But this kind of bias is now just part of the fabric of modern British schooling.
Last year, I witnessed a teacher telling a pupil that the lead in the opinion polls for Leave was 'scary', while the executive headteacher of the West London schools where I used to work sent an email to staff soon after the Brexit vote, with a link to a petition calling for a second EU referendum.
Not all teachers subscribe to this conventional Left-wing thinking, however — as I learnt last year when I wrote an article on a Conservative website. In it I argued that 'pretty much throughout their entire educational career, young people are being trained into a Lefty way of thinking'.
I added that: 'We should be encouraging our students to engage in important political issues. We certainly shouldn't be censoring one side of the argument.'
In response, I received a large number of messages from other teachers who expressed their relief that someone had spoken out against the stifling climate of Left-wing dominance. Disturbingly, however, many felt that they could not be open about their political beliefs in the present, quasi-McCarthyite, culture, where Conservatism is regarded as a form of treachery against the progressive Establishment.
In one particularly outrageous move during the General Election, a letter from headteachers to parents at no fewer than 3,000 schools (file pic) in 14 different local authority areas wailed about 'the dreadful state of school finances'
In one particularly outrageous move during the General Election, a letter from headteachers to parents at no fewer than 3,000 schools (file pic) in 14 different local authority areas wailed about 'the dreadful state of school finances'
So they are forced to remain silent, while the brainwashing continues on an epic scale. It is no wonder that young people overwhelmingly support the Left, given the barrage of one-sided political education to which they are subjected.
I recall, during the London mayoral elections last year, travelling with pupils on an official school trip to a set of hustings entitled the 'Citizens' Accountability Assembly' in the East of the capital.
On the way up on the bus, one teacher began handing out leaflets for the Liberal Democrats — a move that, to his surprise, I stopped by telling him it was inappropriate. But the Assembly turned out to be even more anti-Conservative.
Essentially, it was little more than a gigantic rally for the Labour candidate Sadiq Khan, particularly because the organisers, a movement called Citizens UK, promulgated a raft of Left-wing policies that included more social housing, a living wage for Londoners, and an amnesty for undocumented migrants.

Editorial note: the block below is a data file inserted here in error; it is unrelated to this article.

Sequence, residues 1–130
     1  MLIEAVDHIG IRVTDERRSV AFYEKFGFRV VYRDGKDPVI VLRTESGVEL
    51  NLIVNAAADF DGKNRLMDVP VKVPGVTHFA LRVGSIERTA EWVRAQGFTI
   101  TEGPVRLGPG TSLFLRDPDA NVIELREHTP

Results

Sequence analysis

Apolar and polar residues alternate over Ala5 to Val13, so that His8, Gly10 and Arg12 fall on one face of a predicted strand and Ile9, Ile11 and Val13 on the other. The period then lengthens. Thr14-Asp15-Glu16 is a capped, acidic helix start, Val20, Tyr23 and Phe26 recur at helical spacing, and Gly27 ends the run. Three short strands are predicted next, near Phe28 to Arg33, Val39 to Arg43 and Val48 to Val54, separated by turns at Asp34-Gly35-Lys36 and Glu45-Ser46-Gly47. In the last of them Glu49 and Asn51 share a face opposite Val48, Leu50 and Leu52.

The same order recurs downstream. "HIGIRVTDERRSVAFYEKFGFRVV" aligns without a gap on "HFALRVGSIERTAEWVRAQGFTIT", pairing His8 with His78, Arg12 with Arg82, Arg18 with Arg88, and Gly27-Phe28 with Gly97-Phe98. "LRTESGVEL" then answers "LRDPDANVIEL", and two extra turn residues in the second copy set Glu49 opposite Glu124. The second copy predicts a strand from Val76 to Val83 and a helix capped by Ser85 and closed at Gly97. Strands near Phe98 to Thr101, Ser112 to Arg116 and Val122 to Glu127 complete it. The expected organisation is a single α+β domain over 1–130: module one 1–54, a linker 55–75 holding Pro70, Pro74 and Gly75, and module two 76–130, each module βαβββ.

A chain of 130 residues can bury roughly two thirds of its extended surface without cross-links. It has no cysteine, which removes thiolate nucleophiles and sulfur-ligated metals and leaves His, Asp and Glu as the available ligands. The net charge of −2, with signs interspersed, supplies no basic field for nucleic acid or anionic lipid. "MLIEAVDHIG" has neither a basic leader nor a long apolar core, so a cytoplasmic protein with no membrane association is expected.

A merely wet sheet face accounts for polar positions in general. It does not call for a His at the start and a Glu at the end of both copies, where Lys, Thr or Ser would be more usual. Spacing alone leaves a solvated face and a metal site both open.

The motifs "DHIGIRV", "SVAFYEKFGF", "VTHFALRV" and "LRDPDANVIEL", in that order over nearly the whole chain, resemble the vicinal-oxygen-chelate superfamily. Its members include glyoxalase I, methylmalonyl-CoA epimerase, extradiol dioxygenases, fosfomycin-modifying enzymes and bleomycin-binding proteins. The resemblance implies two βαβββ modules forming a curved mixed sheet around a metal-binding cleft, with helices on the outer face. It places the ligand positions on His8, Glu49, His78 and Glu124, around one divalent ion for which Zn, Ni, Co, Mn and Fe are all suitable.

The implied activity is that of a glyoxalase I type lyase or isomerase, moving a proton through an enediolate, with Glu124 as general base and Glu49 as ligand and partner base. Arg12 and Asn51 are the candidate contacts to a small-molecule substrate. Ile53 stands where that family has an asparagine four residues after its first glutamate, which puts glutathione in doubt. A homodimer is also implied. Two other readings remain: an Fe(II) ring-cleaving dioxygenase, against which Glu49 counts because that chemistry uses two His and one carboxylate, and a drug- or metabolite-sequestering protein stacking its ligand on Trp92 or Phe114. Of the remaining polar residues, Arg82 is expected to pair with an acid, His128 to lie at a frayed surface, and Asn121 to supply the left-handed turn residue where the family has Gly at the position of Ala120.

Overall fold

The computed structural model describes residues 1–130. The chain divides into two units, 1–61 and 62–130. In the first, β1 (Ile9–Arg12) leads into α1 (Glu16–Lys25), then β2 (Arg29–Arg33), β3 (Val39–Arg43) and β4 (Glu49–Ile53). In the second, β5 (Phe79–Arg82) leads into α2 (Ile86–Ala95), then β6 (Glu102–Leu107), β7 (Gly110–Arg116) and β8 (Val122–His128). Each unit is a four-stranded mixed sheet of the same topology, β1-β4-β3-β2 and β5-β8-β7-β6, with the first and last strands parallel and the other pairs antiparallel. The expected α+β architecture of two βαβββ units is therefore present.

Why should school pupils be made to endure this Leftist love-in masquerading as a candidates' debate?
The same misrepresentation can be seen in the Left-wing bullying about so-called 'Tory cuts' in education. Over recent months, senior figures in British schooling have abandoned all pretence of impartiality in their relentless campaign against the Government.
In one particularly outrageous move during the General Election, a letter from headteachers to parents at no fewer than 3,000 schools in 14 different local authority areas wailed about 'the dreadful state of school finances'.
The propaganda has continued since the Election. At one school at Gospel Oak in North London a fortnight ago, the headteacher held a rally to protest against the Tories.
Grabbing the microphone in front of 150 demonstrators, including parents and pupils, John Hayes declared: 'Protest and campaigning actually work. We know education was a decisive factor in reducing Tory votes... The speculation is that another election is on its way. Let's make sure the biggest winners are our kids'.
Among the banners at this rally was one which trumpeted: 'Education for all. Shame on you, Theresa May.'
John Hayes is typical of the modern breed of headteachers who see themselves as the vanguard of anti-Toryism.
Tellingly, during the General Election, the Labour leader Jeremy Corbyn was given a rapturous reception when he addressed the conference of the National Association of Headteachers, the event resembling more a congress of the hard-Left group Momentum than a gathering of responsible education leaders.
Other teaching unions have been just as malignant. In the run-up to the General Election, the militant National Union of Teachers put out a video about 'Tory cuts' which was viewed on Facebook by 4 million people. 'We want to put pressure on every candidate to pledge to oppose school cuts... We can reach parents with this and we can make a difference,' said NUT General Secretary Kevin Courtney.
The NUT, like the other unions and the rest of the education establishment, certainly made a difference. The tragedy is it is such an undemocratic one, further cementing the stranglehold of Left-wing thought on British education.